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B. Possibility of reverter:  Suppose the owner of a fee simple absolute transfers a fee simple determinable (supra, pp. 51-54). The grantor is said to retain a possibility of reverter. That is, if the fee simple determinable comes to an end, possession reverts to the grantor; since it is not certain that this will ever occur, the word “possibility” is used.

Example:  O owns a fee simple absolute in Blackacre. He conveys “to A and his heirs, so long as no liquor is sold on the premises, and if liquor is sold thereon, title to revert to O and his heirs”. After the transfer, O has a possibility of reverter; he will automatically regain possession if A or anyone holding under him sells liquor.

 1. Distinguish from reversion:  The possibility of reverter should be distinguished from the reversion (discussed infra, p. 71), which is a non-contingent prospect of getting the property back, Thus, if in the above example, O’s conveyance had been “to A for life,” with nothing more, O would have a reversion, not a possibility of reverter, since A’s life is sure to come to an end.

2. Alienability of possibility of reverter:  All states agree that a possibility of reverter is inheritable under the intestacy statute, and devisable by will. However, the states are in dispute about whether such a possibility of reverter may be conveyed inter vivos; the modern trend is to allow such conveyances. B,C&S, p. 226.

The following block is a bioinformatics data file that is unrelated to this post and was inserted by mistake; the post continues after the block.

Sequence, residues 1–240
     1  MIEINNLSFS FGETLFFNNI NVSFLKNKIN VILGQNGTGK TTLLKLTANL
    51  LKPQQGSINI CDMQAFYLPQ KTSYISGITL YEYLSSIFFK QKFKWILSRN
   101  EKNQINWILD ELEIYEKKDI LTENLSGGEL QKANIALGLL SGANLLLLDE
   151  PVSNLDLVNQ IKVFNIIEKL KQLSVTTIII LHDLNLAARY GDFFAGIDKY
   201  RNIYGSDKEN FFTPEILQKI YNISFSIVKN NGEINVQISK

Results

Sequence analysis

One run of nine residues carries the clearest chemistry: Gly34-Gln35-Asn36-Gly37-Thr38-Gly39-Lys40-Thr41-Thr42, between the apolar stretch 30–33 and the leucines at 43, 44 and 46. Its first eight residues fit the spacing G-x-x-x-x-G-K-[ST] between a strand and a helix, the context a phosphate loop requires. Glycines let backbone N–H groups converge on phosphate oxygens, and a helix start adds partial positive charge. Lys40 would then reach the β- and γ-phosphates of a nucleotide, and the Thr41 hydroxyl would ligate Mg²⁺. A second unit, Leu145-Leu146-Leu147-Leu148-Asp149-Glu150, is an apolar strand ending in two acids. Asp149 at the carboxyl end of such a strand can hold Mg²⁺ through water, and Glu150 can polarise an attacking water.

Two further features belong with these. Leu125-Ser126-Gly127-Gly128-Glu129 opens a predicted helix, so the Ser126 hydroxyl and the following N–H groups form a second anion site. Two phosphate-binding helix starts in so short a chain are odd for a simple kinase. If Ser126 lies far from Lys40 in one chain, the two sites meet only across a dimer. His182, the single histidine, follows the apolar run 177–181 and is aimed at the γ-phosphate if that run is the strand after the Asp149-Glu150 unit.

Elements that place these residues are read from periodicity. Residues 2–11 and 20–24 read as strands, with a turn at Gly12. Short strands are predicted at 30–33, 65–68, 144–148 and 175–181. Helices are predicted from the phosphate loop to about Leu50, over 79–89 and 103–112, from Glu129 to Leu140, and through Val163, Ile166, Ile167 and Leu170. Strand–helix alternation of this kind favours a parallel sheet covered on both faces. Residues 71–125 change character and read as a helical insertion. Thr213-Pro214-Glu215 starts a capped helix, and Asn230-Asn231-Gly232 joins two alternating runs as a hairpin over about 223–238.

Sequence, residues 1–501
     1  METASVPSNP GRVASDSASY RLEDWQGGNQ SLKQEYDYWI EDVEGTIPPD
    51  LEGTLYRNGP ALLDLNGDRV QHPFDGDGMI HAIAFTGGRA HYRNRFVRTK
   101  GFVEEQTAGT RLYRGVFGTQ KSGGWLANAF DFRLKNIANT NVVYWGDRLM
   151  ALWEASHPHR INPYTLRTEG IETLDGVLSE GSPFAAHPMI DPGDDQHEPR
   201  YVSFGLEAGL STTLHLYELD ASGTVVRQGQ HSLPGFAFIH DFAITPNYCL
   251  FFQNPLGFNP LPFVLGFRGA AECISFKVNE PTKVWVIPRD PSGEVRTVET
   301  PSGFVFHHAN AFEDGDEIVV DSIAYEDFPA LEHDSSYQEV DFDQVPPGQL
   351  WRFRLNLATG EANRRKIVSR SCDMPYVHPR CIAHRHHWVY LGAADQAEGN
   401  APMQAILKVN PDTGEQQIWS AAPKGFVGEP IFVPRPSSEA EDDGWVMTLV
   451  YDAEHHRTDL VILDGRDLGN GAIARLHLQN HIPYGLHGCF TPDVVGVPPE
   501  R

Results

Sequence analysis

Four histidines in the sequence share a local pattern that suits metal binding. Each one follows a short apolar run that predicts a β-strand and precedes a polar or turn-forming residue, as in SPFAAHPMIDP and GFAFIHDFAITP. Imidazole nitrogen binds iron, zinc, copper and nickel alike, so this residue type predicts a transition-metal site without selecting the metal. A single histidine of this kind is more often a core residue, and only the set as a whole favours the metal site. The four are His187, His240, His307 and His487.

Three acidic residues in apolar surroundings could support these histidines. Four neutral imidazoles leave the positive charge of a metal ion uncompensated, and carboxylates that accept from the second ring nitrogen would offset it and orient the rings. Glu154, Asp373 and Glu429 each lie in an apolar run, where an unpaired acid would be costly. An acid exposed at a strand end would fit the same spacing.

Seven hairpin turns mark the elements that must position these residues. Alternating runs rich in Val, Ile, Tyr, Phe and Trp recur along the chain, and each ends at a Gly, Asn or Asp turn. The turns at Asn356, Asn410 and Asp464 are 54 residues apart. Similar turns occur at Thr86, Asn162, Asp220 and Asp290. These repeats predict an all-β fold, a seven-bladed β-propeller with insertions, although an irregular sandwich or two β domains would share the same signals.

C. Right of entry:  If the holder of an interest in land conveys all or part of his interest and attaches a condition subsequent to the transferee’s interest, the transferor is said to have a right of entry (or as it is sometimes called, a right of entry for condition broken). This right gives the transferor ability to take back the estate if the condition subsequent occurs.

Example:  O owns Blackacre in fee simple. He conveys “to A and his heirs, on condition that liquor never be sold on the premises; if liquor is sold thereon, O or his heirs may re-enter the premises.” The conveyance to A has been made subject to a condition subsequent, and O therefore reserves a right of entry.

1. Not incident to reversion:  Sometimes, the only interest retained by a grantor is this right of entry for condition broken. This is the case in the above example, since O conveyed all his other interest in the land (his fee simple).

a. Incident to reversion:  Much more commonly, however, a transferor who holds a right of entry also holds a reversion. For instance, nearly every lease contains several right of entry clauses, by which the landlord may re-enter if the tenant breaches a covenant (e.g., the covenant to pay rent). Such a right of entry is incident to the landlord’s reversion at the end of the lease term.

2. Alienability:  The distinction between a right of entry incident to a reversion and one that is not so incident is important with respect to alienability.

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